A Green Recovery at Wallington
In November 2020, Wallington was successful in its bid for funding from the DEFRA Green Recovery Challenge Fund. The aim of the fund is to support projects that are ready to deliver and focus on nature restoration, nature-based solutions and connecting people with nature.
What is the Green Recovery Challenge Fund?
The Green Recovery Challenge Fund is a short-term, competitive fund to kickstart the process of nature recovery, start to address the climate crisis and help create and retain thousands of green jobs. The £40 million fund has been developed by Defra and its arm’s-length bodies, including Natural England, Forestry Commission, Environment Agency and others. The National Lottery Heritage Fund is distributing and monitoring this government money.
The 'Historic Landscapes' programme has been awarded £3.85 million by Defra as part of the Green Recovery Challenge Fund. The funding will kickstart a programme of work, worth over £4.7 million, to enhance nature and start to combat the effects of climate change in five of the most significant historic landscapes in our care.
This image is what the landscape looks like today on part of the estate before the project gets underway. The hero image at the top of this page is a visualisation of what it could look after we make the start on a green recovery for nature.
Wallington’s working towards a Green Recovery - The Living Hartburn
Through the 'Historic Landscapes' programme, Wallington is set to benefit from over £800,000 of funding. Centred in the Hart Burn Catchment, these vital funds will allow us to undertake major river enhancements works including fencing and major hedgerow and woodland creation, enabling habitat and species restoration. The work will see significant habitat gains leading to increased nature connectivity and enhanced environmental farming practices. It will draw on work themes identified within Wallington’s Estate Management Plan (2019). The aim is to plant 7.3km of hedgerows and 75,000 trees and restore 50km of waterways all along the river corridors that will enable natural processes to prevail.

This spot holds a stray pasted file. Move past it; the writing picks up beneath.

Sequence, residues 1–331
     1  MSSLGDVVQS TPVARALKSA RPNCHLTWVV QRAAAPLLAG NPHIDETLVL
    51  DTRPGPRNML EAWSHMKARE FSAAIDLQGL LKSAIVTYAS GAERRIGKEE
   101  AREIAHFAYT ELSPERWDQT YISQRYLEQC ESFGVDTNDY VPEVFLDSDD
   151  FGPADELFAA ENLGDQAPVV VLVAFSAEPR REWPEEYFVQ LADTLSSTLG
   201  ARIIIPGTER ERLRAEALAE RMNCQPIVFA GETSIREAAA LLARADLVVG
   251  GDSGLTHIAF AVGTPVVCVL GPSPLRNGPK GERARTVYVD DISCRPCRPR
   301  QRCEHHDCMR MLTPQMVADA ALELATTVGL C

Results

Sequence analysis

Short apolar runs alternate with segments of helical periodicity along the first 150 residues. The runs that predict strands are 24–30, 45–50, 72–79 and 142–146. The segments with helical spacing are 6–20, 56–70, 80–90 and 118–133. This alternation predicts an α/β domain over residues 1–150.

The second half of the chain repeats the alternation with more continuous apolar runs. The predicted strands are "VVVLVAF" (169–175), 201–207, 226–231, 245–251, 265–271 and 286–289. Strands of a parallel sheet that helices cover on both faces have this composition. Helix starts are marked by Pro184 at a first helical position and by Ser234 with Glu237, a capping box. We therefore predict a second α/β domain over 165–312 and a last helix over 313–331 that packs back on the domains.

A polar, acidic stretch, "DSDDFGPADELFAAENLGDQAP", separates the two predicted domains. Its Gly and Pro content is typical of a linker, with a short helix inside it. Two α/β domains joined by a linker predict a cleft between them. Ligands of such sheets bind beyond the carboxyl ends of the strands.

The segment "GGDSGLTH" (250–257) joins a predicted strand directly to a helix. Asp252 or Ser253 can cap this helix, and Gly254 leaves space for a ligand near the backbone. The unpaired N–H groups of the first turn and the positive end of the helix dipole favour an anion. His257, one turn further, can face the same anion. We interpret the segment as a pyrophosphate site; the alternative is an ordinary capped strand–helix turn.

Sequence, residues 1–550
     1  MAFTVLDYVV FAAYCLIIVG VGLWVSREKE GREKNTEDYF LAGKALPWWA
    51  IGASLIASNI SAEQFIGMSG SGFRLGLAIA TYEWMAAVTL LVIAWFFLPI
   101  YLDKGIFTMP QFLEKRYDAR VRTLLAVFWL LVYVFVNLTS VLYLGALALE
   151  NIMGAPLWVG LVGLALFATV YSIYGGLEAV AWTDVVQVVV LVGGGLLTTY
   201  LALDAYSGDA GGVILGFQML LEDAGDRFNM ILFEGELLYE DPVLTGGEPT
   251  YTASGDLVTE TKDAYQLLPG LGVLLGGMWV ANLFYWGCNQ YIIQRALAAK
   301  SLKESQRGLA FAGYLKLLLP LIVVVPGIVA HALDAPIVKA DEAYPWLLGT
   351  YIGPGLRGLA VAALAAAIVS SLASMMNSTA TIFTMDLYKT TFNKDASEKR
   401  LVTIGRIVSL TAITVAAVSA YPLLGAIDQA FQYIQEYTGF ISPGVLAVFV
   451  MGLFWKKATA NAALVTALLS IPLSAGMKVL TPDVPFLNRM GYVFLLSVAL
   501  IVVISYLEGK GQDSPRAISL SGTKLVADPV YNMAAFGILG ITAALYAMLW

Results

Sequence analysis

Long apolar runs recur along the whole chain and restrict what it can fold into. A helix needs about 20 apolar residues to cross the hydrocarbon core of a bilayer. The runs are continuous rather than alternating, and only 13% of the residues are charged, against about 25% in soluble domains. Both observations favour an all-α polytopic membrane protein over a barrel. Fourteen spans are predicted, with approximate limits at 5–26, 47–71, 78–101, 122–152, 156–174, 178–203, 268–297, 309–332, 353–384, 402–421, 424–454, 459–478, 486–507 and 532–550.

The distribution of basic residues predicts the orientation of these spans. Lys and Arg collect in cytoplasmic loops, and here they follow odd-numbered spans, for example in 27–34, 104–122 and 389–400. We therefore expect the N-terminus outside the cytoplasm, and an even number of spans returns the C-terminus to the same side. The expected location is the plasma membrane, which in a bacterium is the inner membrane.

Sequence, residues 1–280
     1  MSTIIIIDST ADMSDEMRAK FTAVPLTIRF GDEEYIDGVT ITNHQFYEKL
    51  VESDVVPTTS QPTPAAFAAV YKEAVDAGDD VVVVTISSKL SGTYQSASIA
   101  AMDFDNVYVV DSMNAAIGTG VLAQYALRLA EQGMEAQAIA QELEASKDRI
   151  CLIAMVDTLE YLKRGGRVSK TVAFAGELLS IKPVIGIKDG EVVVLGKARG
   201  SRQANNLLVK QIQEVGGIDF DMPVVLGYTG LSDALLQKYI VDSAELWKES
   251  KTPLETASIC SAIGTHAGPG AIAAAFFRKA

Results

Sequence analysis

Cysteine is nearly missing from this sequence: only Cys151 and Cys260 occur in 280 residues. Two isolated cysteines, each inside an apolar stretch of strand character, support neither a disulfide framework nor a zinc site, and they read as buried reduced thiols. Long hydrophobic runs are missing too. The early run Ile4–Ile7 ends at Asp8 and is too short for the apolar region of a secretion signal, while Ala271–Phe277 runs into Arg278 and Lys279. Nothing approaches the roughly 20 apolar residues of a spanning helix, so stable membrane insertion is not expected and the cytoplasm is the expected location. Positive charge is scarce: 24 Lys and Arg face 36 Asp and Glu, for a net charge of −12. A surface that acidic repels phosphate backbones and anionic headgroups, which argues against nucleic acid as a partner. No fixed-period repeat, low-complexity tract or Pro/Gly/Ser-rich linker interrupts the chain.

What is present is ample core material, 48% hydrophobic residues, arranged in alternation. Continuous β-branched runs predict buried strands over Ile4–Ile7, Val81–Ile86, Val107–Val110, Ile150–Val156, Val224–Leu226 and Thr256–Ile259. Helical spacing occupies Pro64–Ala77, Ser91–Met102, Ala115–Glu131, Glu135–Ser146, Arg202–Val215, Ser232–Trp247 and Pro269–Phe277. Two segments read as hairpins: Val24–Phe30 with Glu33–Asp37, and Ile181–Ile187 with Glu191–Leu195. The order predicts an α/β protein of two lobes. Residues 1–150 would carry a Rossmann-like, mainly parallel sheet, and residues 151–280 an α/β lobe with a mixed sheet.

Over the next 50 years, we will work with our partners to create rich and healthy spaces for nature, and in doing so, reverse the decline in wildlife and their habitats. We are working to create places where people and nature can thrive together.
What will happen at Wallington as part of the Green Recovery Challenge Fund?
Woodlands creation – Wallington is going to plant 75,000 trees to create 12ha of new deciduous woodland, with the ambition to plant 1 million trees over the next 10 years. This will play a significant role in the National Trust ambition to plant 20m by 2030.
In doing so, we are increasing carbon storage, benefiting many species including the red squirrel, woodland birds, pine martins and butterflies. We will be creating woodland edges, which are of huge significance as most wildlife is adapted to living along these edges where there is more sunlight. We will be planting next to existing woodlands, creating larger blocks for wildlife movement and in turn making them more robust in offering protection to the species living there. In creating and managing woodlands, we are improving water quality and slowing down the flow of the river where woodlands are created within the river corridor.
Hedgerow creation – We will be planting 18,000 hedgerow trees creating 7.3km of hedgerow, linking small and isolated enabling key animal species to move around more freely. Almost all our native mammals have been recorded as being supported by hedgerows, which are home to over 500 plant species, 60 species of nesting bird and many hundreds of invertebrates.